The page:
RASSF10 suppresses colorectal cancer growth by activating P53 signaling and sensitizes colorectal cancer cell to docetaxel
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Jing Guo1, Yage Yang1,2, Yunsheng Yang1, Enqiang Linghu1, Qimin Zhan3, Malcolm V. Brock4, James G. Herman4, Bingyong Zhang5, Mingzhou Guo1
1Department of Gastroenterology & Hepatology, Chinese PLA General Hospital, Beijing 100853, P.R.China
2Department of Gastroenterology and Hepatology, The First Affiliated Hospital of Zhengzhou University, Zhengzhou, Henan 450003, P.R.China
3State Key Laboratory of Molecular Oncology, Cancer Institute and Hospital, Chinese Academy of Medical Sciences & Peking Union Medical College, Beijing 100021, P.R.China
4Sidney Kimmel Comprehensive Cancer Center, Johns Hopkins University, Baltimore, Maryland 21231, U.S.A
5Department of Gastroenterology and Hepatology, Henan Provincial People's Hospital, Zhengzhou, Henan 450003, P.R.China
Mingzhou Guo, e-mail: firstname.lastname@example.org
Bingyong Zhang, e-mail: email@example.com
James G. Herman, e-mail: firstname.lastname@example.org
Keywords: RASSF10, DNA methylation, P53 signaling, colorectal cancer, epigenetics
Received: August 24, 2014 Accepted: December 07, 2014 Published: December 27, 2014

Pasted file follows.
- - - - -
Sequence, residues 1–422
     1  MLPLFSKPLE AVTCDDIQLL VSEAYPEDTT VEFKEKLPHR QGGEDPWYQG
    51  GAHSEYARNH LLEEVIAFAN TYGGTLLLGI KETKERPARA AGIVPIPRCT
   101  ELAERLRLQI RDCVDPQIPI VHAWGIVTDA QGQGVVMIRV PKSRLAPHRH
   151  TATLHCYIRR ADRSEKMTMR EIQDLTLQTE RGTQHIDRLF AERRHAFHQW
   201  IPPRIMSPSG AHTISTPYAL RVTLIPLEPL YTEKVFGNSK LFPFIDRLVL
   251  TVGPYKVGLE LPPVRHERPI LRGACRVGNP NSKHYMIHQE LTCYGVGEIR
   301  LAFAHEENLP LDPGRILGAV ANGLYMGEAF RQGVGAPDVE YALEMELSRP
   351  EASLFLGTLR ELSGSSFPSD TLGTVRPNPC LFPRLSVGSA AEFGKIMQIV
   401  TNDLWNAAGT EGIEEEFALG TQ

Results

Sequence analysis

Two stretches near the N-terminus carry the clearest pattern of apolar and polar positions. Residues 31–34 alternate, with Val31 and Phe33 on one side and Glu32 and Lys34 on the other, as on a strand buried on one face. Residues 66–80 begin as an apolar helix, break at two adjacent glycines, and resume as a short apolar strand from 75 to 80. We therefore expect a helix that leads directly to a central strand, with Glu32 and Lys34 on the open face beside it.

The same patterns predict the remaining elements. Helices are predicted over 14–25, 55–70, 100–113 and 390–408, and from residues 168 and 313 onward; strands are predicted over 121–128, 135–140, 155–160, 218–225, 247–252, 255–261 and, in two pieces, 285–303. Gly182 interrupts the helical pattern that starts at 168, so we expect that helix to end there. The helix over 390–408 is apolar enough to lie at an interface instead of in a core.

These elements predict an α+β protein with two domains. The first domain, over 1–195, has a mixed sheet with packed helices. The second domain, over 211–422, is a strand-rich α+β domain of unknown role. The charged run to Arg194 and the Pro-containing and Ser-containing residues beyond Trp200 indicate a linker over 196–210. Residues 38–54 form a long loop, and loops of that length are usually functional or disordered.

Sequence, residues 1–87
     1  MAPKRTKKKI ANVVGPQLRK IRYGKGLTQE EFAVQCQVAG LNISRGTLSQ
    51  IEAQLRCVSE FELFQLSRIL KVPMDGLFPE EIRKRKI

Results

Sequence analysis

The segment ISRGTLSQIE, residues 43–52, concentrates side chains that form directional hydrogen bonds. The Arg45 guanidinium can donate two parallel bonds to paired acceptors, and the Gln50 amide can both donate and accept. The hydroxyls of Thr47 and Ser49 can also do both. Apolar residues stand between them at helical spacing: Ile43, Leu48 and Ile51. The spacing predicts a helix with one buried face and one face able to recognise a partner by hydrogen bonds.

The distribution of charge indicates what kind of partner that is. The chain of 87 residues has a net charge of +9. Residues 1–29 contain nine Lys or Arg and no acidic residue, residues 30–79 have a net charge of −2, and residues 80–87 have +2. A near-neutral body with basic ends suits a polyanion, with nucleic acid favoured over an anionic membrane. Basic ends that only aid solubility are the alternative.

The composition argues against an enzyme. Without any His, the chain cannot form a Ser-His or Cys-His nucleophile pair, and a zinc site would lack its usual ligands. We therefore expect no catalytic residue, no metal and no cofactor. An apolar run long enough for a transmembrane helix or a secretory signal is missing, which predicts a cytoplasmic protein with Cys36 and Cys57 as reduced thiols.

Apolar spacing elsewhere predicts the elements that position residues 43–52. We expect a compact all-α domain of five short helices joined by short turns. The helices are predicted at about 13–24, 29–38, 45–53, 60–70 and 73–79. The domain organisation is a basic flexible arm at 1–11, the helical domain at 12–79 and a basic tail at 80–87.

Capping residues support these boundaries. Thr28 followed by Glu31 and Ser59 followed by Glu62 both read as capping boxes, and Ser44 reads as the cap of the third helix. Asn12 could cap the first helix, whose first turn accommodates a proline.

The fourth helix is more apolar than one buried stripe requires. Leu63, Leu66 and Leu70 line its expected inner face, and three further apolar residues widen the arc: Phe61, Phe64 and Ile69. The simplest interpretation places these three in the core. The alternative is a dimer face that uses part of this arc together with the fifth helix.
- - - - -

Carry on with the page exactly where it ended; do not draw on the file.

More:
RASSF10 has previously been reported to be frequently methylated in a number of malignancies. To understand the importance of RASSF10 inactivation in colorectal carcinogenesis, eight colorectal cancer cell lines, 89 cases of primary colorectal cancer and 5 cases of normal colorectal mucosa were examined. Methylation specific PCR, western blot, siRNA, gene expression array and xenograft mice were employed. The expression of RASSF10 was regulated by promoter regional methylation in colorectal cancer cells. RASSF10 was methylated in 60.7% (54/89) of primary colorectal cancers and was positively associated with tumor stage (p < 0.05) and metastasis (p < 0.05). Restoration of RASSF10 led to inhibition of colorectal cancer cell proliferation in vitro and in vivo and increased apoptosis. Gene expression arrays discovered RASSF10 inhibition of MDM2 expression as a mediator of these effects, which was confirmed with RT- PCR and western blot. RASSF10 was shown to activate P53 signaling in RKO and HCT116 cells after UV exposure, and sensitized these cells to docetaxel. In conclusion, our study demonstrates RASSF10 is frequently methylated in human colorectal cancer leading to loss of expression. RASSF10 normally suppresses human colorectal cancer growth by activating P53 signaling in colorectal cancer, and restored expression sensitizes colorectal cancer to docetaxel.
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